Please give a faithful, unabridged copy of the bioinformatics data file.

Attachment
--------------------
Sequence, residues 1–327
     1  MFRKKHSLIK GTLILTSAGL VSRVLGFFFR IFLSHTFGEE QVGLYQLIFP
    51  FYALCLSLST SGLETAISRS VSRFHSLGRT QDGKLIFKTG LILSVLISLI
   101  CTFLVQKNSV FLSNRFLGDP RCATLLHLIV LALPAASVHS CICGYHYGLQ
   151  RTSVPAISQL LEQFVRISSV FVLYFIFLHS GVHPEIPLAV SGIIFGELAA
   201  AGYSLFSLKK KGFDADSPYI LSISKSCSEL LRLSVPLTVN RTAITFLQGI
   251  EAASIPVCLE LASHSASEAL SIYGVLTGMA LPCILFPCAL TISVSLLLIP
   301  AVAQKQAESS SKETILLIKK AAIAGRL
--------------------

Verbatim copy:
Sequence, residues 1–327
     1  MFRKKHSLIK GTLILTSAGL VSRVLGFFFR IFLSHTFGEE QVGLYQLIFP
    51  FYALCLSLST SGLETAISRS VSRFHSLGRT QDGKLIFKTG LILSVLISLI
   101  CTFLVQKNSV FLSNRFLGDP RCATLLHLIV LALPAASVHS CICGYHYGLQ
   151  RTSVPAISQL LEQFVRISSV FVLYFIFLHS GVHPEIPLAV SGIIFGELAA
   201  AGYSLFSLKK KGFDADSPYI LSISKSCSEL LRLSVPLTVN RTAITFLQGI
   251  EAASIPVCLE LASHSASEAL SIYGVLTGMA LPCILFPCAL TISVSLLLIP
   301  AVAQKQAESS SKETILLIKK AAIAGRL